AMP Plus Politics

State senator calls it for Donald Trump, who reminds him of the Natural State’s don’t-count-him-out kid

Governor and senator-elect Dale Bumpers chats with then-Governor Jimmy Carter  in December 1974.  (AP file photo)

In 1970, Dale Bumpers upended the ‘established political machine.’  One state senator believes Mr. Trump will do the same.

As the nation heads into the homestretch of Election Day 2016,  John Cooper recognizes the landscape that spreads before him.

The Republican state senator from Jonesboro was a young man in 1970 when a relative unknown named Dale Bumpers entered an Arkansas gubernatorial race that seemingly was stacked against him.

In the Democratic Party primary, Mr. Bumpers, who died in January, took on a six-time former governor, along with the state’s attorney general and speaker of the house. Despite an early poll that showed him with one percent of the vote, Mr. Bumpers surged ahead of the pack in the primary to take on the “established political machine” embodied in his opponent, two-term Republican Governor Winthrop Rockefeller, Mr. Cooper recalls.

State Senator John Cooper of Jonesboro at the state capitol in January 2015. (AP file photo by Danny Johnston)

State Senator John Cooper of Jonesboro at the state capitol in January 2015.   (AP file photo by Danny Johnston)

In the general election, Mr. Bumpers again was  cast as the underdog. But then, as Mr. Cooper recalls, “there was a kind of hidden enthusiasm that came out to play the last week of the election and shocked the state.”

Mr. Cooper believes the same kind of tide that swept Dale Bumpers into office in 1970 will lift Republican nominee Donald Trump into the U.S. presidency. “I think Trump will win,” he told me over the phone. “I’m thinking he has a better chance than people are giving him.”

Republican state Senator Ronald Caldwell of Wynne agrees: “I think Donald Trump has the momentum to win this election.”

Polls aggregated by Real Clear Politics currently show Democrat nominee Hillary Clinton with a slight edge over Mr. Trump heading into tonight.

Mr. Cooper, however, doesn’t believe these polls accurately gauge the large number of Americans who have not divulged their plans to vote for Mr. Trump. “I think this is a classic example of people holding their vote up their sleeves until the end,” he says, in part because they want to avoid arguments with others in a charged and polarized political climate.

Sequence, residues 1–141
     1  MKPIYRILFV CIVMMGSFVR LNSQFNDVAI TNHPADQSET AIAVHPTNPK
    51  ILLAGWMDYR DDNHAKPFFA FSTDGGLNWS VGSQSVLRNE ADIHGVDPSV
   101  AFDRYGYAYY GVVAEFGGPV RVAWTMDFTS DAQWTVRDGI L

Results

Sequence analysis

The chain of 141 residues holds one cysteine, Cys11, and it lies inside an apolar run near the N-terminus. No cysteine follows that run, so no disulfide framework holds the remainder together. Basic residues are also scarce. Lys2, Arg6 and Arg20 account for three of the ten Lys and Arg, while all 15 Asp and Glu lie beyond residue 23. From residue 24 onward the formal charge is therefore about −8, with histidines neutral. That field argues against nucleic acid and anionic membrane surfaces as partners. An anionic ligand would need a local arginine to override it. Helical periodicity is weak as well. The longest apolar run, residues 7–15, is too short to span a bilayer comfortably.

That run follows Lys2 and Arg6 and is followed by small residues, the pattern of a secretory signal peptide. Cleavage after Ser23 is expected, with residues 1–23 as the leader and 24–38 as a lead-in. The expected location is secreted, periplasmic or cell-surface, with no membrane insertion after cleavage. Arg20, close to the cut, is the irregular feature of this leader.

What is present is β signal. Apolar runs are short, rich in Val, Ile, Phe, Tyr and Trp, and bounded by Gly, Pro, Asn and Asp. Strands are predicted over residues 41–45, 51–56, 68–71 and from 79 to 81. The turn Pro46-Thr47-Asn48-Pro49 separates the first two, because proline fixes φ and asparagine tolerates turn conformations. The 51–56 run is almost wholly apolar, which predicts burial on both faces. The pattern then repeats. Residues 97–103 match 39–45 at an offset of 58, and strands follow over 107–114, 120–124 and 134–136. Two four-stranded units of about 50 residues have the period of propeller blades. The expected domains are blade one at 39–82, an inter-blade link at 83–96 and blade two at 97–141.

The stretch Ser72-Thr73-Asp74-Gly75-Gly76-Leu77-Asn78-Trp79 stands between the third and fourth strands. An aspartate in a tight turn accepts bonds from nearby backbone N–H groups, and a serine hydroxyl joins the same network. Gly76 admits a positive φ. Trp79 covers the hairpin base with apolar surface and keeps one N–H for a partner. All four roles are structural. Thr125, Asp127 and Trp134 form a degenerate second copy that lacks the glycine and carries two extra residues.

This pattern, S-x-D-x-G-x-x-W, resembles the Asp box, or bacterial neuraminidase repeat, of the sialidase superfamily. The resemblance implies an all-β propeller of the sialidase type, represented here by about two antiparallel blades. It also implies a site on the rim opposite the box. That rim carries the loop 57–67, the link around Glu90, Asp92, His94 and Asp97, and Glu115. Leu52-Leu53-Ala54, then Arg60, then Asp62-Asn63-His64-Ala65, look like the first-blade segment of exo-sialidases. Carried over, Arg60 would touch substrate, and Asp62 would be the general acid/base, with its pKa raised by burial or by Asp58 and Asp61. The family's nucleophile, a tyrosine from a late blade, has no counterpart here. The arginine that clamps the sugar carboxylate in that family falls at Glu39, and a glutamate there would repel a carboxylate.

On the national level, Mr. Trump has caused some polarization within the Republican Party itself.  A raft of Republicans, including former general Colin Powell, former Florida governor Jeb Bush and Florida congressional delegate Ileana Ros-Lehtinen, do not support their party’s frontrunner. These stances may  cost some Republicans politically, Mike Huckabee, former Arkansas governor and now a resident of Florida, said this morning on Fox News.

“I’m going to tell you something. I’m going to remember them,” Mr. Huckabee said, referring to those who haven’t come around to support Mr. Trump. “And I hope every other Republican remembers them. Don’t ever ask me for your vote again because you’re done.”

Polls around these parts, meanwhile, indicate Mr. Trump will win Arkansas by a large margin.


Arkansas House Speaker Jeremy Gillam of Judsonia has lowerd the boom on Donald Trump (AP photo fijle by Danny Johnston/2015)

Arkansas House Speaker Jeremy Gillam of Judsonia has lowered the boom on Donald Trump (AP photo file by Danny Johnston/2015)

Statewide Republican officials may support Mr. Trump by an even larger margin. It appears only one such official has announced a full pivot away from Mr. Trump: Arkansas Speaker of the House Jeremy Gillam. “Although I have not been a supporter of Mr. Trump in the past, I have remained hopeful that he would give me a reason to vote for my party’s nominee,” he said in early October. “I no longer have that hope. I believe he should withdraw from the race immediately.”

Neither Mr. Cooper nor Mr. Caldwell knows of a single Arkansan Republican other than Mr. Gillam who has not or would not vote for Trump.

Arkansas’ political dynamic is unique since Hillary Clinton lived here from the late 1970s through the early 1990s. The Clintons still have many friends and acquaintances here. So would it surprise Mr. Cooper if someone with such deep Arkansan ties lost so soundly to someone with hardly any ties?

Not at all.

“I think the Clintons have long lost their clout in Arkansas,” he said. “Arkansans know the Clintons very well. The numbers show they’re not representing the feelings of Arkansas voters and constituents. To most people, they are on the far left and that’s not where most people in Arkansas are.”


Mr. Cooper plans to attend to a watch party or two tonight in Jonesboro. He’ll be at Sue’s Kitchen downtown. If you want to chat about tonight’s elections, or anything else for that matter, he says “Come on by.” 

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